Freedom’s just another word for havin’ lots to do

That didn’t take long. Well, maybe it did feel like forever when I was quarantined but it’s over and I’m free. My friends around here didn’t waste any time, taking pity on a man alone on a mountaintop.

But the first thing I needed to do was shop. I’d run out of fresh food, but by not being a pig and eating through the pasta, canned tuna and tetra-packed beans, I emerged in pretty good shape. So, gathering some garbage (we don’t have pickup here; you have to take trash to locked bins down the road) I headed toward one of the local supermarkets.

I was curious to see what, if anything, was different, and the answer is, not much. People here wear masks out a lot and you’re not allowed indoors unless you’re wearing a mask. But even hidden behing paper and cloth, Umbrians are the same people I knew back in that former life called “last year.” It felt great to be walking up and down the aisle, not feeling as though I were violating some law, as I did the day I landed and foraged for lockdown food.

Masks only please. And in a country with real grownups, this is not a problem.

Like I said, my friends didn’t waste any time. Debora and Angela were first, inviting me to a “cena-barbecue con distanziamento sociale” (a socially distancing dinner-barbecue). They set up a table outside their spectacular new house and invited neigbhors over, too. They live in a hamlet above the center of Valfabbrica called Poggio S. Dionisio, and somehow the name fits. The women exude a sense of carefree fun when they’re entertaining. And I don’t know if it was the influence of his homemade wine, but sometime later this month I’ll be harvesting grapes from neighbor Franco’s vineyard.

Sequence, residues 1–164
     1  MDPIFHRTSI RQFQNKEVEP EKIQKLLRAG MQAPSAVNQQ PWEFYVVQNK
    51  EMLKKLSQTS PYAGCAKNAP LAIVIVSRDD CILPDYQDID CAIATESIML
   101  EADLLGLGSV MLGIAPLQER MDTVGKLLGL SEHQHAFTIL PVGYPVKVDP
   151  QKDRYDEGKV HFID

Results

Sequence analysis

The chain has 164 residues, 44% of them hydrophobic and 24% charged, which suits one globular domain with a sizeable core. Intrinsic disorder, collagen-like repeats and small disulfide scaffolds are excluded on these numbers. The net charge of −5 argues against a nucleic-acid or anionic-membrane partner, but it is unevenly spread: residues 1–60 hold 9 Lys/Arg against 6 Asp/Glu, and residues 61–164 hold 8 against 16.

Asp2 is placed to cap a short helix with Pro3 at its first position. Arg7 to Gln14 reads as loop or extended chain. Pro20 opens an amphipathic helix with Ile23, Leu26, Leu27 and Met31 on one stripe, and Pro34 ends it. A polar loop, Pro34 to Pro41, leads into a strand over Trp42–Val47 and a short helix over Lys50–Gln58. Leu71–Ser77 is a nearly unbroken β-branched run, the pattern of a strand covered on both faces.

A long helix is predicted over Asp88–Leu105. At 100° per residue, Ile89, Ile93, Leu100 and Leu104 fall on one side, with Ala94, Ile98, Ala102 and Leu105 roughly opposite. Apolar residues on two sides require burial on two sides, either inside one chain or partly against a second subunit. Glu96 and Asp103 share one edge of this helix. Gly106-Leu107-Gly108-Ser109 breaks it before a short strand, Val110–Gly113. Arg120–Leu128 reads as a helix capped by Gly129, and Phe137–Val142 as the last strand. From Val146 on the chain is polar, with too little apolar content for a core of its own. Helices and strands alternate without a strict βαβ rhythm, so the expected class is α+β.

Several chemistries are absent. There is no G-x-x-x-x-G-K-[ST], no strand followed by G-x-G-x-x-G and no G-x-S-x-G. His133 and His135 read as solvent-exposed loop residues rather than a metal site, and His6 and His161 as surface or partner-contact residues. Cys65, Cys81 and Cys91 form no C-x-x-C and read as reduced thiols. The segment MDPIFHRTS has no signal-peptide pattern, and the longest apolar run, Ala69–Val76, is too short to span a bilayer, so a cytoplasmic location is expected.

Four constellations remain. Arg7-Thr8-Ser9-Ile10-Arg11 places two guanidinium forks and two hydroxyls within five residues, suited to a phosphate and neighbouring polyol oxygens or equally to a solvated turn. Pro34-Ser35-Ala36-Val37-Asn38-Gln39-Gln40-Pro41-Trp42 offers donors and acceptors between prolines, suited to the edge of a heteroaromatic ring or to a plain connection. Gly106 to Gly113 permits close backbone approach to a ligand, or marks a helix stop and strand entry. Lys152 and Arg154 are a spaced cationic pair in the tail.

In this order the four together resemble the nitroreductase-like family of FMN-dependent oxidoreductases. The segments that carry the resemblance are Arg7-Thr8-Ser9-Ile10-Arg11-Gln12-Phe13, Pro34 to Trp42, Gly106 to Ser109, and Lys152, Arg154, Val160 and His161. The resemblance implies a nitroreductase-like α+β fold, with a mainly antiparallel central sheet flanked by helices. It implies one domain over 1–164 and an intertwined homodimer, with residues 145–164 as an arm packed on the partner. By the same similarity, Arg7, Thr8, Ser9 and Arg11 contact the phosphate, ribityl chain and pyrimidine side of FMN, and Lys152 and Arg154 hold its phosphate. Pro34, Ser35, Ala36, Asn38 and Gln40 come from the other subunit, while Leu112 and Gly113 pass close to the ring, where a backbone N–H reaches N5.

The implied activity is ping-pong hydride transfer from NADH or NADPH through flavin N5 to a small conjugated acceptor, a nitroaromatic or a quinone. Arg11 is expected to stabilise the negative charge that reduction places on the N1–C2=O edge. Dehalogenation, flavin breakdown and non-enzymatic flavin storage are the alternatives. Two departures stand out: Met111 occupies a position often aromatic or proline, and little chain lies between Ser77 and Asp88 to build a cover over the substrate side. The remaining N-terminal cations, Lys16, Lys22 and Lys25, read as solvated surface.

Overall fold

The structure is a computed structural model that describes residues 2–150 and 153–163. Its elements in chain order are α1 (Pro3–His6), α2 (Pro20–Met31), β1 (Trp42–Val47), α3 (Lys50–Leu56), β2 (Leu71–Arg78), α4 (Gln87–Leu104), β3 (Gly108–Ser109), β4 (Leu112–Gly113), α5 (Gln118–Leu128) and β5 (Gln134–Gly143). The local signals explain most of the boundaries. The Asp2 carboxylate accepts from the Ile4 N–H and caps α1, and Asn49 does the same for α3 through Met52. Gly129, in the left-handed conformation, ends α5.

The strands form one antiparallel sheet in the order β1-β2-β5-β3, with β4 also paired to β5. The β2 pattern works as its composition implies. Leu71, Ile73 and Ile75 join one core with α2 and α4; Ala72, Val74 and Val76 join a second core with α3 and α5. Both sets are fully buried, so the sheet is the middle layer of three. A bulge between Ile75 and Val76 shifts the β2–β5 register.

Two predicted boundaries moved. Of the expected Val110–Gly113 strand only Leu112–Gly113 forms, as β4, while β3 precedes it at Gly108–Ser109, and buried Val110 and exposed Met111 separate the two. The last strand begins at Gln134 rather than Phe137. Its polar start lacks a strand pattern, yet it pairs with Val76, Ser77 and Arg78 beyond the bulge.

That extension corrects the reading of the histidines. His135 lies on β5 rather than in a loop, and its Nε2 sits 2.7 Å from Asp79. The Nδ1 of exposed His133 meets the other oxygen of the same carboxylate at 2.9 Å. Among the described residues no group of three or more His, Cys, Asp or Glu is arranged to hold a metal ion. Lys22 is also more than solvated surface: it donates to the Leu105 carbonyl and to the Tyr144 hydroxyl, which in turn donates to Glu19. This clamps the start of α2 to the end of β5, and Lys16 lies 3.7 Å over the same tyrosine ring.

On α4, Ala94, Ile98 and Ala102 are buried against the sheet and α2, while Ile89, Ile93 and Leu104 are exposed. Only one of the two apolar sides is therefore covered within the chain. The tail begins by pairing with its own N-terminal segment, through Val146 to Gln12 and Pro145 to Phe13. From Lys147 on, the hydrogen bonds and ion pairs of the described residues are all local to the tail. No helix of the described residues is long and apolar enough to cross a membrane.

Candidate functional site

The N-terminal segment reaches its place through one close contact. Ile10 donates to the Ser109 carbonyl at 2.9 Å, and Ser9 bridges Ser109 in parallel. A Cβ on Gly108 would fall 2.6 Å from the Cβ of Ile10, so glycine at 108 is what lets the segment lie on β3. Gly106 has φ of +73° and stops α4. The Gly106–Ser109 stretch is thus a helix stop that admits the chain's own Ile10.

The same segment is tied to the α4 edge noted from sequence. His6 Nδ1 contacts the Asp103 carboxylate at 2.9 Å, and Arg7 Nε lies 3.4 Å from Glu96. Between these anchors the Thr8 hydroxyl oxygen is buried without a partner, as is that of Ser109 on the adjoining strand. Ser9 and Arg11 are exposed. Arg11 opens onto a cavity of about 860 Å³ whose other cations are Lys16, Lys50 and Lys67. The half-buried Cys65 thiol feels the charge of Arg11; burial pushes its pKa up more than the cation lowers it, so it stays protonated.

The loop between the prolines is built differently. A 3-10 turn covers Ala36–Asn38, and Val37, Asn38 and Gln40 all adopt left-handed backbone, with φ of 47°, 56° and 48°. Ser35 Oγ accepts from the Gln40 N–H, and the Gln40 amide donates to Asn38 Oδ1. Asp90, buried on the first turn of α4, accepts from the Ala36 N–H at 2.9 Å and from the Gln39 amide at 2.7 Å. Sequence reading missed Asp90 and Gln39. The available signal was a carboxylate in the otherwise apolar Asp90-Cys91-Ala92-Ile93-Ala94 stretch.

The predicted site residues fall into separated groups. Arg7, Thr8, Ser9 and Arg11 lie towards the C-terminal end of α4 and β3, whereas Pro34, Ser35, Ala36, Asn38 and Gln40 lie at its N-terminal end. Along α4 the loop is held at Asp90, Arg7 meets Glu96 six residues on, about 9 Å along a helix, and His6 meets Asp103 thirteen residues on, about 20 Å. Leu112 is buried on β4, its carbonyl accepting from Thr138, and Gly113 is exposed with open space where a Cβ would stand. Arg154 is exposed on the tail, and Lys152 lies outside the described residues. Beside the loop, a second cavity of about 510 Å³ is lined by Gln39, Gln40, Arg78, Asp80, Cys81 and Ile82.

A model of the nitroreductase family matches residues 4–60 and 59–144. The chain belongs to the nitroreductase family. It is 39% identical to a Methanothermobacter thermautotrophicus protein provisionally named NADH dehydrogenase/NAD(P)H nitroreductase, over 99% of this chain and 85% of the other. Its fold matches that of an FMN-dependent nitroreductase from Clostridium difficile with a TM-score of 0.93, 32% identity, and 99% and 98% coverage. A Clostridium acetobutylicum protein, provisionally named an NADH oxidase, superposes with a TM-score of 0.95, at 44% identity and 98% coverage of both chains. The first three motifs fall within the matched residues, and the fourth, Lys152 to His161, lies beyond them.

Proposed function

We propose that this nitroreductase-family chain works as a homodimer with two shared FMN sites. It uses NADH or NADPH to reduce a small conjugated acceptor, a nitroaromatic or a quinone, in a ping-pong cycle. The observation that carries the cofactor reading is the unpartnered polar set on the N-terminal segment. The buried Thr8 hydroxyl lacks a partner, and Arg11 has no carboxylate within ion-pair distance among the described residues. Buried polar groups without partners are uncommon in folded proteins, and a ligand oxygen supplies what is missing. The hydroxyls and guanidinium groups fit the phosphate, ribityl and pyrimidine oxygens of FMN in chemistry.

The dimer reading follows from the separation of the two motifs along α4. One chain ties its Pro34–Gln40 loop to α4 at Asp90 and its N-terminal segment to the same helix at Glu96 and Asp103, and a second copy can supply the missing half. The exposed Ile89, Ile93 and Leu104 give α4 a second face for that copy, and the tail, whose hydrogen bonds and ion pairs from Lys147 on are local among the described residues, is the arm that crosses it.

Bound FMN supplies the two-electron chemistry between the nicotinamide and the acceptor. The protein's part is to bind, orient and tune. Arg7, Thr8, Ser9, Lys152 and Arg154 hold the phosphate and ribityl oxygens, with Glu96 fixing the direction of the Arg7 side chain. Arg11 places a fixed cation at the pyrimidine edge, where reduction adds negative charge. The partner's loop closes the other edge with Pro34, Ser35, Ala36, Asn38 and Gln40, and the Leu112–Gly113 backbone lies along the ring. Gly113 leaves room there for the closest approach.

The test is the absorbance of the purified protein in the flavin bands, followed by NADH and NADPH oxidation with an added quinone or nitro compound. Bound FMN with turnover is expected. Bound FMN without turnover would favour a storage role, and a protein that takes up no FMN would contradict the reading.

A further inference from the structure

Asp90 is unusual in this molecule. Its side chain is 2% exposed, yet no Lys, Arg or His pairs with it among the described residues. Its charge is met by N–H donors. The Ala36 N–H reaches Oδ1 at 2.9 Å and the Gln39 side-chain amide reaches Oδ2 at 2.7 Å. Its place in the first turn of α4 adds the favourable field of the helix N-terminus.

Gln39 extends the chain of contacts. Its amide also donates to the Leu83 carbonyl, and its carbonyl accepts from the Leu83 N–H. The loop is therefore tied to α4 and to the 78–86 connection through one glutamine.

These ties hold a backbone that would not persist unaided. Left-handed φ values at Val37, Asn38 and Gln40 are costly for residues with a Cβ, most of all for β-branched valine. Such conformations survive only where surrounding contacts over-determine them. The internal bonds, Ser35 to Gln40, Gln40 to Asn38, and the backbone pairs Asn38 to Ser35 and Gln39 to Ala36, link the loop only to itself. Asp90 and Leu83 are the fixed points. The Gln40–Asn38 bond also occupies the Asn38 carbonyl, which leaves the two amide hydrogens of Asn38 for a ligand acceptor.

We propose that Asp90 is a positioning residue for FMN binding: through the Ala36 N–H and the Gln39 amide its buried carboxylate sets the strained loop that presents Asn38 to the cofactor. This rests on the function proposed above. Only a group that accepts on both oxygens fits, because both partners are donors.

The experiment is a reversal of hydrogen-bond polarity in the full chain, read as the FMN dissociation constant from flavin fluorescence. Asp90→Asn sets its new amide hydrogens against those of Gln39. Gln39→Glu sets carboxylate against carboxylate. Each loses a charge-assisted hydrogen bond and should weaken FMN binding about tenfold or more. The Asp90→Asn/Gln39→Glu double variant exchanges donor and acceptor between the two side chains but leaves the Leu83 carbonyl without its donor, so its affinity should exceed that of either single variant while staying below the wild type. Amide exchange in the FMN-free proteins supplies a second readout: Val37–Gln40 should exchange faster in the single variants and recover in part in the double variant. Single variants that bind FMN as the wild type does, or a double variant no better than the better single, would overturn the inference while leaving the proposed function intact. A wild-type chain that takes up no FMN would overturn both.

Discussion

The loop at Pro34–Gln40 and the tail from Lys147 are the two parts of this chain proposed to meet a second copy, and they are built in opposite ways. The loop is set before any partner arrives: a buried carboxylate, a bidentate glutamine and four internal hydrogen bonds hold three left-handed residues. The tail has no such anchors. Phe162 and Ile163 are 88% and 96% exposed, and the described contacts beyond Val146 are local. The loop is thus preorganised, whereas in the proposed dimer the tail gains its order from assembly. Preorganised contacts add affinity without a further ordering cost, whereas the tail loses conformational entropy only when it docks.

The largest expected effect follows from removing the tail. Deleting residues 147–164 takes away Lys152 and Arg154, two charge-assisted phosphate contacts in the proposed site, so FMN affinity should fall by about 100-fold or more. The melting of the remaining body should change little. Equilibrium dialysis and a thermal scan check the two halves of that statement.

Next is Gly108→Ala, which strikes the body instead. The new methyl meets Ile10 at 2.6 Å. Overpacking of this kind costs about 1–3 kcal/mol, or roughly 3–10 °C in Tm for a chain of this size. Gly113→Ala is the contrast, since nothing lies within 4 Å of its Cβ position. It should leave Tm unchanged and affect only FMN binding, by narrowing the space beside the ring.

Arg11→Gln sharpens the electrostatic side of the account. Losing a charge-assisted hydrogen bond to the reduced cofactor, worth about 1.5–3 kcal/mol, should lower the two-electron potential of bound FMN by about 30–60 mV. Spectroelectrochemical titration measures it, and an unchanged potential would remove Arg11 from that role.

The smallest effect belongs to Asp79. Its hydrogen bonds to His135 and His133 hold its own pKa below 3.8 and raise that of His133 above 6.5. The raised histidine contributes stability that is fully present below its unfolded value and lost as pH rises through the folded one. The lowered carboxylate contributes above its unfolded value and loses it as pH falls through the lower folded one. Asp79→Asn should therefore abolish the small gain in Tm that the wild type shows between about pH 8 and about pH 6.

Angela keeps the home fires burning.

Then the guy who picked me up at Fiumicino (Rome’s main airport), Angelo, asked me if I’d like to see some Pintoricchios. The town of Spello, a small jump from Assisi, was opening its churches at night for guided looks at a couple of spectacular frescoes. I knew of the frescoes and saw one of them a few years back, but, savage that I am, I’d just look at the colors and the backgrounds. I also found it amusing to see Italy behind what was supposed to be a biblical scene set in the Middle East. Dinner came first, the Osteria del Cambio in Palazzo, a homey place where, for €25 ($28) for two, you have have a pasta, main course with salad, wine and coffee. Our pasta course alone (tagliatelle with black summer truffles) would set you back in New York more than what we paid for the whole meal.

My bad. A sign said photos were strictly forbidden. Oops.

It’s curious to see, or rather hear and feel the difference in people here since the virus struck with catastrophic results back in the spring. People here usually complain about everything. And Italians in general aren’t particularly nationalistic. There’s none of the flag-waving here that you see in the U.S. But people seem proud of what they accomplished together. It’s been a morale boost for people who’ve been traumatized by COVID-19 and have lived through decades of a weak economy. Despite a recent spike due in large part to returning vacationers, Italy in general, and Umbria in particular, have beaten back the virus so that we can cautiously and taking precautions, live fairly normal lives.

Finally, to round out the weekend, I took a ride with Letizia and Rudd to the Valnerina, south of here and east of Spoleto. Letizia wanted to try a little restaurant called Il Sovrano in a hamlet called Sant’Anatolia di Narco. The meal was a relaxing finale to a busy weekend. The place specializes in the local pecorino cheese, and, of course since it’s truffle territory, black truffles. The food was good, the setting on a bluff overlooking the valley, idyllic. It was the perfect way to end my liberation weekend.

Letizia chose well.

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